Biological interactions between varicella (chickenpox) and herpes zoster (shingles), two diseases caused by the varicella zoster virus (VZV), continue to be debated including the potential effect on shingles cases following the introduction of universal childhood chickenpox vaccination programs. Researchers investigated how chickenpox vaccination in Alberta impacts the incidence and age-distribution of shingles over 75 years post-vaccination, taking into consideration a variety of plausible theories of waning and boosting of immunity.
They developed an agent-based model representing VZV disease, transmission, vaccination states and coverage, waning and boosting of immunity in a stylized geographic area, utilizing a distance-based network. We derived parameters from literature, including modeling, epidemiological, and immunology studies. Researchers calibrated their model to the age-specific incidence of shingles and chickenpox prior to vaccination to derive optimal combinations of duration of boosting (DoB) and waning of immunity. They conducted paired simulations with and without implementing chickenpox vaccination. Then, they computed the count and cumulative incidence rate of shingles cases at 10, 25, 50, and 75 years intervals, following introduction of vaccination, and compared the difference between runs with vaccination and without vaccination using the Mann–Whitney U-test to determine statistical significance. Researchers carried out sensitivity analyses by increasing and lowering vaccination coverage and removing biological effect of boosting.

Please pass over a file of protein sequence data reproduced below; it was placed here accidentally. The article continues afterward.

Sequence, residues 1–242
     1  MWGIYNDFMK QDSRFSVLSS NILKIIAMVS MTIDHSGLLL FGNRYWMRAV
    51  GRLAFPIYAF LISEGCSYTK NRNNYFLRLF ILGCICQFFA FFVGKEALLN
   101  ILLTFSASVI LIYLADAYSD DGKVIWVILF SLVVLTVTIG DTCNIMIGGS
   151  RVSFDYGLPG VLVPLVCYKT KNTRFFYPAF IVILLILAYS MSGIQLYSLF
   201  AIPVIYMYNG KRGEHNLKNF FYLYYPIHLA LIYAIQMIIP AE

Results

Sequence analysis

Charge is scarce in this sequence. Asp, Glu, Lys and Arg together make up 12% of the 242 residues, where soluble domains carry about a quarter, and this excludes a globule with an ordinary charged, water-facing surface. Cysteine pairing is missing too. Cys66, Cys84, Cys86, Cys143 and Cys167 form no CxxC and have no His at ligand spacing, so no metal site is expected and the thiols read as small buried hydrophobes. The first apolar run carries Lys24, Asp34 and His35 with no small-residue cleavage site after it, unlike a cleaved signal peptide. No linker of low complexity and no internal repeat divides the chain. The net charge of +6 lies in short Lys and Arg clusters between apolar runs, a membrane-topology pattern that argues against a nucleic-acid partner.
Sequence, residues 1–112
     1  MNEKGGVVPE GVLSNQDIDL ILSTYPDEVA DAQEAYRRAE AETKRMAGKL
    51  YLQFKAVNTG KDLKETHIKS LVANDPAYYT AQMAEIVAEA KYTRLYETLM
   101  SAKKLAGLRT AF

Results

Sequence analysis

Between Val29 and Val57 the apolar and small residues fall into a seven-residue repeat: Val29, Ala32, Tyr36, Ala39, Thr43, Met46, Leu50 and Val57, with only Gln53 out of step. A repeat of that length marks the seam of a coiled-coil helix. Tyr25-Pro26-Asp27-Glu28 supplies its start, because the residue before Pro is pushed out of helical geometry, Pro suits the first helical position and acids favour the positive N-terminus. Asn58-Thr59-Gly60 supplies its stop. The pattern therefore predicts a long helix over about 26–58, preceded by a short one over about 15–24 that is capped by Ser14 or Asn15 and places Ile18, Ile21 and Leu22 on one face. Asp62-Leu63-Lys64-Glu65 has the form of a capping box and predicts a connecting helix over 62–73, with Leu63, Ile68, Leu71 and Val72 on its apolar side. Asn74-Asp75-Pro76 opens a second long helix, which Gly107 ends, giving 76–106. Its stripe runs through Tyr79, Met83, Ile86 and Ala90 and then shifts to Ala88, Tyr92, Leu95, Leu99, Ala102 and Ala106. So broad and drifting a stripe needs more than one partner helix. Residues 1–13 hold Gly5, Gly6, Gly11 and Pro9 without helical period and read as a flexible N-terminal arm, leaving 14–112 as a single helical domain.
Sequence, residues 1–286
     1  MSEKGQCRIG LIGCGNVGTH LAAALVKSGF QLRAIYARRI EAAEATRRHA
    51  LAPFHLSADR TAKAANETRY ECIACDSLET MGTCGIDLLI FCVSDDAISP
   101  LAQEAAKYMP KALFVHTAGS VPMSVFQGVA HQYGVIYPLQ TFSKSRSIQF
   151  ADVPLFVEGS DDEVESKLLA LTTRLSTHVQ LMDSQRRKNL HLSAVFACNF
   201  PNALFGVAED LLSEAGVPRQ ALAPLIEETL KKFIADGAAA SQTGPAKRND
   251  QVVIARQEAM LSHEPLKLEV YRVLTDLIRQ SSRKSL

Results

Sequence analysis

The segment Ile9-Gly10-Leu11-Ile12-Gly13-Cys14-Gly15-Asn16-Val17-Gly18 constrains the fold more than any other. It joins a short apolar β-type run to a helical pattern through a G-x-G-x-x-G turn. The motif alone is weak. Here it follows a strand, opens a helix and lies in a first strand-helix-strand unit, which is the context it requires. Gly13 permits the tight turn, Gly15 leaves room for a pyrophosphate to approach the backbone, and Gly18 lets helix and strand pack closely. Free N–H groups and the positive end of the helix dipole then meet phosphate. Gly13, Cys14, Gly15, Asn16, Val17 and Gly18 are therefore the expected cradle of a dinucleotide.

Chickenpox vaccination led to a decrease in chickenpox cases. The cumulative incidence of chickenpox had dropped from 1,254 cases per 100,000 person-years pre chickenpox vaccination to 193 cases per 100,000 person-years 10 years after the vaccine implementation. They observed an increase in the all-ages shingles cumulative incidence at 10 and 25 years post chickenpox vaccination and mixed cumulative incidence change at 50 and 75 years post-vaccination. The magnitude of change was sensitive to DoB and ranged from an increase of 22–100 per 100,000 person-years at 10 years post-vaccination for two and seven years of boosting respectively (p < 0.001). At 75 years post-vaccination, cumulative incidence ranged from a decline of 70 to an increase of 71 per 100,000 person-years for two and seven years of boosting respectively (p < 0.001). Sensitivity analyses had a minimal impact on our inferences except for removing the effect of boosting.
Figure 1: Statechart structure. (A) Disease and protection. (B) Chickenpox vaccination schedule. (C) Shingles vaccination schedule. (D) Demographics.